Fonza v. Chicago Public Schools District #299 et al

Filing 39

MEMORANDUM Opinion and Order: Defendants' motion to dismiss, ECF No. 30 , is granted in part and denied in part. The complaint's § 1983 claims (Counts I, II, and III) against the Board and KIPP are dismissed, and the § 1983 clai ms are dismissed against all defendants except insofar as plaintiff asserts a state-created danger claim, as more fully discussed in this opinion, based on defendants' placing T.G. in the hallway. Defendants may move for dismissal on qual ified immunity grounds. If they choose to do so, the motion will be briefed as follows: the motion must be filed by and including 01/23/18; plaintiff's response is due by and including 02/06/18; and defendants' reply is due by and including 02/13/18. A status conference is set for 01/31/18 at 9: 30 a.m. Signed by the Honorable Joan B. Gottschall on 1/9/2018. Mailed notice(mjc, )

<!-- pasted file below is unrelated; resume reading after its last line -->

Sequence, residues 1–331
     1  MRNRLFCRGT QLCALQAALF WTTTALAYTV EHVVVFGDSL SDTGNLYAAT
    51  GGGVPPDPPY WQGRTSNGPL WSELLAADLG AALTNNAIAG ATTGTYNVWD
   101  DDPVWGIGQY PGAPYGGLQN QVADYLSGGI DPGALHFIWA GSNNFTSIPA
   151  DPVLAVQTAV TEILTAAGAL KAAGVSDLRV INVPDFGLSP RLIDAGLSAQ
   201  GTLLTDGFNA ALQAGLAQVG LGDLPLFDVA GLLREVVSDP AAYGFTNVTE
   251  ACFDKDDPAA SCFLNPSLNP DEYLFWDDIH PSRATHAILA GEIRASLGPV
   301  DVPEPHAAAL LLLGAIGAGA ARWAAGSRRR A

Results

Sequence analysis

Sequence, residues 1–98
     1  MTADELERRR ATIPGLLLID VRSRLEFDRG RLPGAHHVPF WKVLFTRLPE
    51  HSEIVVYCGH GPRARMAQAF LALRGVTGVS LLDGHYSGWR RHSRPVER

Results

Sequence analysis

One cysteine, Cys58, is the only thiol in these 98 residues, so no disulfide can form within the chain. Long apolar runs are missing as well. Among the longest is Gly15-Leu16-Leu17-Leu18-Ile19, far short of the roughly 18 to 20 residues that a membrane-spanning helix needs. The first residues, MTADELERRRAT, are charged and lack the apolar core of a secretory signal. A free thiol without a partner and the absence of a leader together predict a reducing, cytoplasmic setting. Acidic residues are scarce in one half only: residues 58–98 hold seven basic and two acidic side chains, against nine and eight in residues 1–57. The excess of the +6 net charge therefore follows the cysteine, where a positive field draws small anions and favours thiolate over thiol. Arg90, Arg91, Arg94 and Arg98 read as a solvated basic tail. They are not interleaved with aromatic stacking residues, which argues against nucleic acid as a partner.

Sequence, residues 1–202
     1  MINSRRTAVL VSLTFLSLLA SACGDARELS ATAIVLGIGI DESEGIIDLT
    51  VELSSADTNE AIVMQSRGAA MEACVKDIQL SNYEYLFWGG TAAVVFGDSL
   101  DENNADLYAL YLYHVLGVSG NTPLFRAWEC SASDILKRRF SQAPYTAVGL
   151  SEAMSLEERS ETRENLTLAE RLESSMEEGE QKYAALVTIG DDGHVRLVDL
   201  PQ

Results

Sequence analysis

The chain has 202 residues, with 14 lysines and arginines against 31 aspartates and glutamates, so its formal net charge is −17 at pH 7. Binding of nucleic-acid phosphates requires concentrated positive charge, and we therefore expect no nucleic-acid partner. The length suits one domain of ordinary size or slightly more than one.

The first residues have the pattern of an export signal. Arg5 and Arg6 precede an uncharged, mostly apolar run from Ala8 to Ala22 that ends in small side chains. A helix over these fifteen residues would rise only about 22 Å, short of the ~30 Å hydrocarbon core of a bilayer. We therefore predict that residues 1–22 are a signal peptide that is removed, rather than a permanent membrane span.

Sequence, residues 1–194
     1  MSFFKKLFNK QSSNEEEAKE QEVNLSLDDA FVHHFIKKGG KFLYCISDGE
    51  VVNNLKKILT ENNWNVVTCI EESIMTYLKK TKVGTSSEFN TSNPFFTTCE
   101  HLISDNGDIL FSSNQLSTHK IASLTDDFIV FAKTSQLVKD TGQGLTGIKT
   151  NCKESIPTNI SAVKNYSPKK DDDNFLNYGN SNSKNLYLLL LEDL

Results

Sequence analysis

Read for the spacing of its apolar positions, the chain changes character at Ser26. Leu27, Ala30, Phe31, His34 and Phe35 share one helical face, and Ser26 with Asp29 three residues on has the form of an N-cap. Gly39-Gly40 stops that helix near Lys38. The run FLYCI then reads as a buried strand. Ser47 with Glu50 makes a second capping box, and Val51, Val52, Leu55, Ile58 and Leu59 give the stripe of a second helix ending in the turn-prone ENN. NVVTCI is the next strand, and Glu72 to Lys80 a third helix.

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UNITED STATES DISTRICT COURT FOR THE NORTHERN DISTRICT OF ILLINOIS EASTERN DIVISION TYANNE FONZA as next friend of T.G., a minor, ) ) ) Plaintiff, ) ) v. ) ) CHICAGO PUBLIC SCHOOLS DISTRICT ) #299, KIPP CHICAGO SCHOOLS, ELLEN ) DAVIS-BHATTACHARYYA, TESSA ) CATLETT, MICHAEL ELLIOTT, and ) CORRINNE HALL, ) ) Defendants. ) No. 17-CV-3571 Judge Joan B. Gottschall MEMORANDUM OPINION AND ORDER Plaintiff Tyanne Fonza, as next friend of her daughter T.G. (born in 2005 1), has sued the Chicago Public Schools District #299 and other defendants for failure to provide medical care and for permitting T.G. to play on unsafe playground equipment. These claims arise from an injury T.G. sustained while playing during recess on the playground at KIPP Ascend Primary School (“KIPP Ascend”) on May 18, 2016, when T.G. was a student. Fonza pleads three 42 U.S.C. §1983 claims and one pendent state law claim that commingles negligence and willful and wanton theories of conduct. See Compl. ¶¶ 31–59, ECF No. 1. Defendants move under Federal Rule of Civil Procedure 12(b)(6) to dismiss the complaint for failure to state a claim upon which relief can be granted. The complaint itself is difficult to understand, since each count incorporates all prior allegations and plaintiff in her briefing switches from what each count appears to allege to other 1 The complaint gives T.G.’s exact date of birth in paragraph four. Only the year of an individual’s birth may be included in a public filing. Fed. R. Civ. P. 5.2(a)(2). At the court’s direction, the clerk has restricted public access to the complaint temporarily. Plaintiff is directed to file, within seven days after the entry of this order, a redacted complaint that complies with Federal Rule of Civil Procedure 5.2. theories based on allegations made outside that specific count. To make matters worse, defendants’ motion to dismiss tries to guess at plaintiff’s theories, leading plaintiff in her response brief to argue that defendants have it wrong and, by failing to address the issues plaintiff intended to raise, waived their ability to respond to those issues. Plaintiff does not appear to appreciate how much damage the cases she cites in her briefing do to her theories. The briefs are at best marginally helpful. That said, a few issues can be addressed, but whether the court has any better purchase on what plaintiff is trying to allege than defendants do is unclear. With those caveats, the court grants the motion to dismiss in part and denies it in part based on the following analysis. I. RULE 12(b)(6) STANDARD “To survive a [Rule 12(b)(6)] motion to dismiss, a complaint must contain sufficient factual matter, accepted as true, to ‘state a claim to relief that is plausible on its face.’” 2 Ashcroft v. Iqbal, 556 U.S. 662, 678 (2009) (quoting Bell Atl. Corp. v. Twombly, 550 U.S. 544, 570 (2007)). A claim is facially plausible “when the plaintiff pleads factual content that allows the court to draw the reasonable inference that the defendant is liable for the misconduct alleged.” Id. “Threadbare recitals of the elements of a cause of action, supported by mere conclusory statements, do not suffice.” Id. When deciding a Rule 12(b)(6) motion, the court must “construe the complaint in the ‘light most favorable to the’ plaintiff.” Zahn v. N. Am. Power & Gas, LLC, 847 F.3d 875, 877 (7th Cir. 2017) (quoting Bell v. City of Chicago, 835 F.3d 736, 738 (7th Cir. 2016)). The court also assumes that all of the well-pleaded facts in the complaint are true and draws reasonable inferences in the plaintiff’s favor. See Iqbal, 556 U.S. at 678; Collins v. Vill. of Palatine, 875 F.3d 839, 842 (7th Cir. 2017) (citing McCauley v. City of Chicago, 671 F.3d 611, 2 Defendants also seek a more definite statement of the claim alleged in Count IV. See Fed. R. Civ. P. 12(e). That issue is discussed in the text of Part III.D. 2 615–16 (7th Cir. 2011)); Tagami v. City of Chicago, 875 F.3d 375, 877 (7th Cir. 2017) (citing United Cent. Bank v. Davenport Estate LLC, 815 F.3d 315, 318 (7th Cir. 2016)). II. FACTUAL ALLEGATIONS The facts alleged are straightforward, and as just explained, the court accepts them as true for purposes of deciding the pending motion. KIPP Chicago Schools (“KIPP”) operates KIPP Ascend which is part of Chicago Public Schools District #299. Compl. ¶ 5. The four named individual defendants occupied the following roles at KIPP Ascend on May 18, 2016: Ellen Davis-Bhattacharyya was the principal; Tessa Catlett was an assistant principal; Michael Elliott was T.G.’s teacher; and Corinne Hall (referred to as Ashley Hall in plaintiff’s brief in opposition to the motion to dismiss) was a hall monitor. Compl. ¶¶ 7–10. On May 18, 2016, at approximately 8:30 a.m., Elliott took his class, including T.G., for recess. Compl. ¶ 12. During recess, T.G. fell from the school’s monkey bars and injured herself on a seesaw located beneath the monkey bars. Compl. ¶¶ 14–15. T.G.’s teacher, defendant Elliott, took T.G. to the office of defendants Catlett and Davis-Bhattacharyya, to be examined. Compl. ¶ 18. No school nurse or trained medical staff was present in the building. Compl. ¶ 19. Elliott, Davis-Bhattacharyya, Hall, and Catlett failed to call 911 or an ambulance. Compl. ¶ 20. It is alleged that Davis-Bhattacharyya and Catlett did not want to call an ambulance because it would cause the school to incur a fee. 3 Compl. ¶ 21. Instead, Elliott called Fonza between 9 and 10 a.m. Compl. ¶ 22. It is not clear if he did so on his own initiative or pursuant to another defendant’s directive. See Compl. ¶¶ 21–22. Fonza arrived at KIPP at approximately 11:20 a.m. 3 Plaintiff’s brief in opposition to the motion to dismiss says that “it was KIPP’s practice not to call for medical assistance,” ECF No. 33 at 2, but plaintiff’s complaint does not so allege. The court nonetheless considers these statements because they supplement the allegations in the complaint and are consistent with it. See Anzaldua v. Chicago Transit Auth., No. 02 C 2902, 2002 WL 31557622, at *2 (N.D. Ill. Nov. 15, 2002) (stating court “will consider additional information in a responsive brief to a motion to dismiss to the extent that it is supplemental and consistent with the complaint and clarifies the information in the complaint” (citations omitted)). 3 and found T.G. alone in the hallway, without any adult supervision, her eyes swollen from crying, bleeding from the vaginal area through her clothes and in excruciating pain. Compl. ¶¶ 17, 24, 25. Up to that time, “no school employee [had] called for medical assistance or . . . rendered any medical aid to T.G..” Compl. ¶ 24. “[O]bserving T.G.’s pants covered in blood[,] Fonza called an ambulance,” Compl. ¶ 25, which, at about 11:45 a.m., took T.G. to Mount Sinai Medical Center, Compl. ¶ 26. T.G. was examined by Dr. Richard Trester, who performed surgery to repair a sub-clitoral laceration. Compl. ¶ 27. “On May 23, 2016, a second surgery was performed . . . by Dr. Nuzhath Hussain at the University of Illinois Hospital and Health Sciences System to drain a hematoma which had developed on [T.G.’s] labia minora.” Compl. ¶ 28. T.G. missed several weeks of school, endured pain and suffering and incurred medical expenses as a result of this incident. Compl. ¶ 29. III. ANALYSIS The court analyzes defendants’ arguments in the order they appear in their motion. Plaintiff has abandoned her arguments for imposing Monell liability on her § 1983 claims. As for those claims, though several theories plaintiff advances fail, the complaint alleges a statecreated danger claim but not on the theory pleaded. Defendants have not adequately developed their qualified immunity arguments. Finally, the court considers a number of attacks on plaintiff’s state law claim, finding principally that defendants, at this stage, have not established that the Illinois Tort Immunity Act, 745 Ill. Comp. Stat. 10/2-201, bars the claim. A. Monell Liability of KIPP and the Board of Education Two defendants first argue that plaintiff has failed to allege a sufficient basis for imposing Monell liability for the § 1983 claims against them. That is, they argue that nothing is alleged that could be construed as a policy or practice officially adopted or promulgated by those whose 4 acts may fairly be said to represent official policy. As a result, the Board of Education (the proper defendant for the named District #299) and KIPP Ascend should be dismissed as defendants. As defendants point out, a local government cannot be held liable on a respondeat superior theory. See Monell v. Dep’t of Social Servs. of City of New York, 436 U.S. 658, 659 (1978). Under Monell, Plaintiff must plausibly allege that an official custom or policy of the district or KIPP was the “moving force” behind the constitutional deprivations alleged. Teesdale v. City of Chicago, 690 F.3d 829, 833 (7th Cir. 2012); see also White v. City of Chicago, 829 F.3d 837, 839, 843–44 (7th Cir. 2016) (discussing what Monell requires at the pleading stage). A “custom or policy” can be established by showing: (1) an express policy; (2) a widespread practice that is so permanent and well settled as to constitute a custom or usage; or (3) that the constitutional injury was caused by a person with final policymaking authority. Teesdale, 690 F.3d at 834. Plaintiff has failed to respond to this argument, thereby waiving her right to do so, and she has not alleged anything that the court understands as an official policy of the Board of Education or KIPP. Accordingly, the Board and KIPP are dismissed as defendants from all of plaintiff’s Section 1983 claims, Counts I, II and III. See Lekas v. Briley, 405 F.3d 602, 614 (7th Cir. 2005) (“[E]ven though a complaint may comply with the simple notice pleading requirements of Rule 8(a)(2), it may nonetheless be dismissed under Rule 12(b)(6) if the plaintiff does not present legal arguments supporting the ‘substantive adequacy’ or ‘legal merit’ of that complaint.” (quoting Kirksey v. R.J. Reynolds Tobacco Co., 168 F.3d 1039, 1041 (7th Cir. 1999))), quoted Discount Inn, Inc. v. City of Chicago, 72 F. Supp. 3d 930, 933–34 (N.D. Ill. 2014) (“Plaintiff failed to respond to the City’s arguments and support the legal adequacy of its claims, Counts 4, 5, 6, and 7 are considered abandoned and therefore are dismissed.”); Collopy v. 5 Dynamic Recovery Solutions, LLC, 16 C 6777, 2017 WL 1321118, at *1 (N.D. Ill. Apr. 4, 2017) (“[B]ecause [the plaintiff] abandons her state law claim in her response to the motion to dismiss, the Court grants Defendants’ motion to dismiss the ICFA claim.”). B. Count I, II and III: 42 U.S.C. §1983—Failure to Provide Medical Care; Due ProcessDeliberate Indifference; Due Process-State Created Danger The court deals with these three counts together, since only the theory stated in relation to Count III seems applicable to the facts alleged in the complaint, but that theory appears to have a chance of prevailing only with respect to the claim alleged in Count I (failure to provide medical care), not the claims alleged in Counts II and III, ostensibly addressed to KIPP’s allegedly unsafe playground equipment (although only the complaint, not the briefs, focuses on the playground equipment in Counts II and III). The court must still wade into the quagmire created by the complaint and briefing, however, for “[a]n imperfect statement of a legal theory [in a complaint] is not grounds for dismissal” under Rule 12(b)(6). Armstrong v. Krupiczowicz, 874 F.3d 1004, 1009 (7th Cir. 2017) (citing Johnson v. City of Shelby, 135 S. Ct. 346, 346 (2014)). Down the rabbit hole we go. 1. No “Special Relationship” Between School Officials and T.G. Alleged Plaintiff alleges in Count I that it was obvious to defendants that T.G. “had a serious medical condition and required immediate medical care.” Compl. ¶ 32. Nevertheless, defendants failed to act, thereby “intentionally or recklessly” failing to provide T.G. with adequate medical care for her serious condition. Compl. ¶ 34. This, plaintiff alleges, amounted to “deliberate indifference.” Compl. ¶ 35. Defendants contend that the legal basis for this claim is the Eighth Amendment. Defs. Mot. to Dismiss ¶ 10, ECF No. 30. Count I never mentions the Eighth Amendment, see Compl. ¶ 31–36, and plaintiff denies that the Eighth Amendment is the basis for her claim. Rather, 6 plaintiff argues, the basis for her claim is substantive due process under the Fourteenth Amendment. 4 Resp. to Mot. to Dismiss 4–5, ECF No. 33. To the extent plaintiff articulates a theory, and she fails to do so with much clarity, she references the “special relationship” theory of liability and argues that T.G. was “under the Defendant’s [sic] supervision and custody.” Resp. to Mot. to Dismiss 6. She relies for this theory on J.O v. Alton Community Unit School, 909 F.2d 267, 272 (7th Cir. 1990). J.O. involved a claim that a schoolteacher sexually molested several children. The J.O. plaintiffs claimed that the school defendants had a “special relationship” to the schoolchildren, imposing an affirmative duty to provide for their safety and prevent the child abuse that occurred. Id. The Seventh Circuit rejected plaintiffs’ claim, holding that “the government, acting through local school administrations, has not rendered its schoolchildren so helpless that an affirmative constitutional duty to protect arises.” Id. at 272. Further, the court observed that while it did not intend to limit the government’s affirmative duties to prisoners and mental patients, the only groups as to which the Supreme Court has ever recognized such a duty, schoolchildren are not “in custody” in the way necessary to give rise to such a duty. Id. Why plaintiff relies on J.O. when it dooms her claim is unclear. Besides J.O., she cites primarily prisoner cases, which the Seventh Circuit in J.O. said were not analogous, 909 F.2d at 272–73, and she fails to argue why J.O. doesn’t doom her claim. 5 She cites other cases, but all they do is note that the plaintiff did not raise a “special 4 Plaintiff contends that defendants waived their right to argue against her Fourteenth Amendment Due Process claim by devoting their argument to the Eighth Amendment. Resp. to Mot. to Dismiss 6. This contention is risible. Count I does not mention the Due Process Clause in its body or heading. See Compl. 4–5. Defendants are trying to understand what plaintiff is claiming, as is the court. That they guessed wrong, given the ambiguity of the complaint, is hardly defendants’ fault. 5 Perhaps plaintiff has not thought through the consequences of her argument. In the case of prisoners, the state’s obligation is to provide them with necessary medical care, meaning have sufficient doctors and provide the care free of charge. See Estelle v. Gamble, 429 U.S. 97, 105–06 (1976). Plaintiff does not appear to want the defendants to provide T.G. with medical care in this respect, and the idea that a school has to pay for a child’s medical needs 7 relationship” argument. See Jackson v. Indian Prairie Sch. Dist. 204, 653 F.3d 647, 654 (7th Cir. 2011) (noting that plaintiff did not advance the argument that the schoolchild was in the state’s custody) and Chigano v. City of Knoxville, 529 F. App’x 753, 757 (6th Cir. 2013) (“Plaintiffs do not argue that M.C. was in the functional custody of the State”). Those fail to support her argument. 2. The Complaint States a State-Created Danger Claim While plaintiff has failed to make a viable argument for the survival of Count I, the court believes that another argument, the argument plaintiff makes only in relation to Counts II and III, (claims that say they are based on KIPP’s allegedly unsafe playground equipment, rather than on T.G.’s allegedly obvious injury) should be considered here. That argument, related to plaintiff’s “special relationship” theory but not fully developed by plaintiff, is the theory that a state actor may be liable for exposing an individual to a “state-created danger.” The Seventh Circuit discussed this theory in King ex rel. King v. East St. Louis School District 189, 496 F.3d 812 (7th Cir. 2007). In King, plaintiff’s minor daughter, Jerica, was a student at East St. Louis Senior High School who, on May 4, 2004, stayed late to talk with her guidance counselor and missed the school bus. Id. at 814–15. Jerica told the guidance counselor that she would need to call her mother, but did not request to use the phone and the counselor did not offer Jerica the use of his phone. Id. at 815. Jerica left the school and went to a public bus stop in front of the school, but she saw no bus coming. Id. She attempted to reenter the school to call her mother, but the school’s doors were locked and a hall monitor, when told by Jerica that she wanted to reenter the school to call her mother, denied her entry, stating that reentry was against school policy. Id. Jerica then headed toward a MetroLink station where she was borders on the ridiculous. She rather appears to want them to take steps to address T.G.’s injury, such as by calling for help. 8 abducted at gunpoint by two men and ultimately raped. Id. She was released the following morning. Id. The Seventh Circuit articulated three elements of the state-created danger doctrine. First, . . . the state, by its affirmative acts, must create or increase a danger faced by an individual[; s]econd, the failure on the part of the state to protect an individual from such a danger must be the proximate cause of the injury to the individual (. . . the plaintiff must be the foreseeable victim of a defendant’s acts in a tort sense)[; and t]hird, . . . the state’s failure to protect the individual must shock the conscience. Id. at 817–18 (citations and quotations omitted). The plaintiff’s case in King failed the third element: there was nothing conscienceshocking about the school’s policy of refusing to allow unsupervised students to enter the building after hours. Id. at 818–19. “There is no indication that the policy adopted was deliberately indifferent to the safety of the students.” Id. at 819. Rather, “[a]ny fault on the part of the school district in implementing such a policy was simple negligence in failing to account for all circumstances that may arise in which a student would seek to reenter the school.” Id. In Paine v. Cason, a mentally disturbed bipolar woman was released from a police station shortly before sunset in the neighborhood of the Robert Taylor Homes, an area of Chicago which then had a very high crime rate (the homes have since been demolished). 678 F.3d 500, 504 (7th Cir. 2012). She did not know where she was and wondered around, eventually being taken to an apartment and raped at knifepoint. See id. at 505–06. Trying to escape, she jumped out of a window and suffered serious permanent brain damage. Id. at 506. “State actors,” the court held, “who needlessly create risks of harm violate the due process clause by depriving persons of life, liberty, or property without process . . . .” Id. at 510. “The police may not create a danger, without justification, by arresting someone in a safe place and releasing her in a hazardous one while unable to protect herself . . . .” Id. at 511. 9 Insofar as plaintiff claims that defendants placed a crying and bleeding 10-year-old in excruciating pain in the school hallway, with no adult supervision, and no attempt to address her medical needs, the plaintiff has alleged enough to plead a state-created danger claim. Like releasing a person into a dangerous environment when that person cannot help herself, see Paine, 678 F.3d at 510–11, the defendants’ conduct cannot be viewed at this point as inaction, because they allegedly examined T.G. and placed her in the hallway without aid or assistance; it was their affirmative choice of what to do with the injured T.G. (basically nothing) that is the gravamen of plaintiff’s complaint. Compare Stevens v. Umsted, 131 F.3d 697, 705 (7th Cir. 1997) (no statecreated danger theory of liability where state actors simply fail to act in the face of “suspicious circumstances”). The Seventh Circuit held in Ross v. United States that the state-created danger theory applied; the evidence showed “that the county had a policy of arbitrarily cutting off private sources of rescue without providing a meaningful alternative” to people in danger of drowning. 910 F.2d 1422, 1431 (7th Cir. 1990); see also id. at 1425 (describing policy and how it affected the case; viz, deputy sheriff’s physically blocking divers who wanted to attempt a rescue). The suffering that T.G. was enduring and would endure was, according to the complaint, self-evident. Compl. ¶ 32. And school officials’ placing and then abandoning a tenyear-old in a school hallway effectively cuts her off from other possible sources of rescue. Viewing the facts alleged in the complaint favorably to plaintiff, it is plausible that a ten-year-old child told by her principal or teacher to sit in the hall would do as she was told. She would not understand that she should call 911 herself (nor have the means to do so); she should not ask another adult in the school for help (that would undermine the principal’s authority); and she should not leave the school to seek help herself, even if she could. Therefore placing her in the hallway in her obviously injured condition effectively is what created or increased much of the 10 harm she faced on account of her injury by cutting her off from other sources of possible rescue and limiting her options for helping herself. See Paine, 678 F.3d at 511; Ross, 910 F.3d at 1431; Estate of Massey v. City of Phila., 118 F. Supp. 3d 679, 693 (E.D. Pa. 2015) (denying motion to dismiss state-created danger claim of estate of child who died of asthma attack where plaintiff adequately alleged “that school actors prevented [the child] from seeking medical attention and taking medication that she used to control her asthma, thereby creating a danger to [the child]”); cf. L.R. v. Sch. Dist. of Phila., 836 F.3d 235, 244–47 (3d Cir. 2016) (plaintiff who alleged that teacher released five-year-old to adult who did not produce identification and later assaulted child alleged state created danger claim). Those defendants, who were aware of T.G.’s condition and chose to abandon her, if such heedless conduct is proven, could be found to have acted in a conscience-shocking manner. And clearly, plaintiff’s suffering (the extent to which her initial injury was exacerbated, if any, cannot be determined from the complaint) proximately resulted from defendants’ failure to summon aid. There is a great deal here that plaintiff will have to prove, but she pleads enough to allege that T.G. was exposed to a state-created danger. 3. The Condition of the Playground Does Not Plausibly Allege a State-Created Danger Claim With regard to plaintiff’s claims based on her allegation that the playground equipment was unsafe and known by defendants to be unsafe, the court finds the complaint inadequate. The court can imagine no legal theory other than state-created danger that could apply here, and plaintiff’s citation of prison cases and/or cases that rely entirely on state law adds little if anything to her argument. Since plaintiff has not alleged enough to state a claim that the state officials’ conduct was conscience-shocking, the court will address only that requirement. The only thing alleged in plaintiff’s complaint that even arguably relates to this requirement are the allegations, stated on information and belief, that other children had been 11 previously hurt on the equipment. Compl. ¶¶ 41, 50. Given the critical importance of this element to stating a constitutional claim, the court finds plaintiff’s vague allegation insufficient to make out a plausible claim of conscience-shocking behavior under either Twombly, supra, 550 U.S. at 555, or Iqbal, supra, 556 U.S. at 677–78. Without an allegation of conscience-shocking behavior, plaintiff has no due process claim, and a vague allegation of an unstated number of unspecified other injuries, stated on information and belief, fails the plausibility test. Without an allegation of conscience-shocking behavior, all plaintiff has is a negligence claim. This is insufficient. C. Qualified Immunity Oddly, defendants stealthily tuck their qualified immunity argument into a portion of their brief in support of their motion to dismiss under the title “Insufficient Facts to Plead Violation of Alleged Due Process Rights” and rely on only one case which has nothing in common with this one, Spady v. Bethlehem Area School District, 800 F.3d 633, 642 (3d Cir. 2015). Mot. to Dismiss 5–10, ECF No. 30. Plaintiff responded to this argument, ECF No. 33 at 14–15, yet in their reply brief, defendants do not mention qualified immunity. Whether this is a waiver or just an example of sloppy briefing, the court cannot determine. Since defendants mention qualified immunity, it is perhaps not a waiver. Nevertheless, it is not the court’s role to make the parties’ arguments for them. See, e.g., United States v. McLee, 436 F.3d 751, 760 (7th Cir. 2006) (“it is not the obligation of this court to research and construct the legal arguments open to parties, especially when they are represented by counsel” (quoting United States v. Holm, 326 F.3d 872, 877 (7th Cir. 2003))); Sommerfield v. City of Chicago, 252 F.R.D. 407, 419 & n.9 (N.D. Ill. 2008) (Gottschall, J.) (collecting authority and applying this rule, refusing to conduct legal research for the parties, and finding that party 12 forfeited perfunctory, undeveloped legal arguments made in briefing ). If defendants wish to rely on qualified immunity, they need to make that clear and they need to provide a coherent argument. They may move to dismiss on qualified immunity grounds if, after reading this opinion (which hopefully does a somewhat better job than plaintiff at articulating the alleged constitutional violation at stake), they wish to raise that issue. D. Count IV: State Claim for “Negligence—Willful and Wanton” Defendants argue that a provision of the Illinois Tort Immunity Act, 745 Ill. Comp. Stat. 10/2-201, bars plaintiff’s claim. That section provides that except as otherwise directed by statute, “a public employee serving in a position involving the determination of policy or the exercise of discretion is not liable for an injury resulting from his act or omission in determining policy when acting in the exercise of such discretion even though abused.” Defendants’ reliance on Eilenfeldt v. United C.U.S.D. #304 Board of Education, 30 F. Supp. 3d 780, 792 (C.D. Ill. 2014), is misplaced. While the Eilenfeldt court relied on a case involving (as did Eilenfeldt) actions of school officials allegedly encouraging the bullying of the plaintiff’s minor son, plaintiff in Eilenfeldt failed to respond to defendants’ arguments that the acts involved were policy determinations and exercises of discretion. Id. It was plaintiff’s failure to respond, although given two opportunities to do so, that led the court to find that the Tort Immunity Act covered the alleged conduct. See id. at 791–92 (lamenting that plaintiff suggested no way to distinguish another bullying case, Hascall v. Williams, 996 N.E.2d 1168 (Ill. App. Ct. 2013)). Whether or not that result was correct, given whatever the complaints in those cases alleged the defendants did or did not do, that case does not establish that watching an injured ten-year old crying, bleeding and writhing in pain without doing anything is a policy decision and within defendants’ discretion. See id. at 792 (“Defendants . . . must demonstrate 13 that the employees’ acts or omissions leading to the alleged injuries are both policy determinations and exercises of discretion.” (citing Harinek v. 161 N. Clark St. Ltd. P’ship, 692 N.E.2d 1177, 1181 (Ill. 1998)). Nor does it establish that if, as alleged, numerous students were injured in the same way as T.G. was, defendants had discretion to turn a blind eye and ignore an obvious danger. Discovery might show that defendants were acting in the exercise of their discretion, but defendants’ reliance on Eilenfeldt does not. See id. at 785–86 (describing bullying incidents; no decisions about medical care; no affirmative acts cutting off child form sources of help). Nor is the court persuaded that defendants were acting in the exercise of their discretion by defendants’ description of their conduct, raised to an almost meaningless level of generality (“decisions on how to handle procedures at recess and how to address the healthcare needs of a student”). Mot. to Dismiss 10, ECF No. 30 (citing nothing besides the case just discussed). Whether defendants were acting in the exercise of their discretion will require a much more thorough exploration of the facts than the complaint provides. 6 Defendants further argue that plaintiff improperly combines a negligence claim with a willful and wanton claim, which makes it difficult for defendants to plead the proper immunities. Mot. to Dismiss ¶ 24. Defendants request a more definite statement under Federal Rule of Civil Procedure 12(e), but they cite not a single case in support of their argument that the theories must be pleaded in separate counts, and reference a large number of undifferentiated statutes. See id. This is an inadequately developed argument which the court properly disregards. See, e.g., Davis v. Duckworth, 107 F.3d 873, 1997 WL 58811, (7th Cir. 1997) (unpublished table decision). And the court does not see how defendants’ ability to respond to the complaint is hampered in this 6 The court ignores the language of the Act that provides an exemption for policy-making activities. Defendants argued that Monell requires dismissal of the Board and KIPP because plaintiff failed to allege a policy and the court agreed. 14 regard. See Chapman v. Yellow Cab Cooperative, 875 F.3d 846,849 (7th Cir. 2017) (stating that a motion for more definite statement “is the right way to ask plaintiffs to lay out details that enable the defendants to respond intelligently and the court to handle the litigation effectively” (citation omitted)). Plaintiff clearly charges all defendants with both negligent and willful and wanton conduct, based on the incorporation of all previous paragraphs of her complaint, and defendants should respond accordingly. Finally, defendants argue that the Board is not subject to punitive damages whether with respect to plaintiff’s §1983 claims or her pendent state law claims. See 745 Ill. Comp. Stat. 10/2102 (stating that a local public entity is not liable to pay punitive damages “in any action arising out of an act or omission made by the public official while serving in an official . . . capacity”). Plaintiff concedes that this section bars the recovery of punitive damages against defendants KIPP and the Board, but not against the individual defendants. Resp. to Mot. to Dismiss 15, ECF No. 33. Defendants do not appear to disagree, but argue that because the complaint commingles the defendants within each count, the prayers for punitive damages in each count should be stricken. Reply 12, ECF No. 35. The court sees no need for such a harsh result. The parties appear to agree that punitive damages are not available on either the federal or state claims against the Board and KIPP, which at this point remain defendants only to plaintiff’s state law count (Count IV). This opinion establishes that as the law of the case, and no amendment is required. Nevertheless, given how badly plaintiff’s complaint articulates any theories of relief which the court has found to be viable, an amendment would certainly help move this action forward, and getting rid of futile 15 claims for punitive damages against defendants who are not liable for such damages would be helpful as well. 7 IV. CONCLUSION For the reasons stated, defendants’ motion to dismiss, ECF No. 30, is granted in part and denied in part. The complaint’s § 1983 claims (Counts I, II, and III) against the Board and KIPP are dismissed, and the § 1983 claims are dismissed against all defendants except insofar as plaintiff asserts a state-created danger claim, as more fully discussed in this opinion, based on defendants’ placing T.G. in the hallway. Defendants may move for dismissal on qualified immunity grounds. If they choose to do so, the motion will be briefed as follows: the motion must be filed by and including 01/23/18; plaintiff’s response is due by and including 02/06/18; and defendants’ reply is due by and including 02/13/18. A status conference is set for 01/31/18 at 9: 30 a.m. Date: January 9, 2018 /s/ Joan B. Gottschall United States District Judge 7 Also, the school district and the defendant named as Corrinne Hall tell the court that they are misnamed in the complaint. See Mot. to Dismiss 1, ECF No. 30. Correcting this would be helpful as well. 16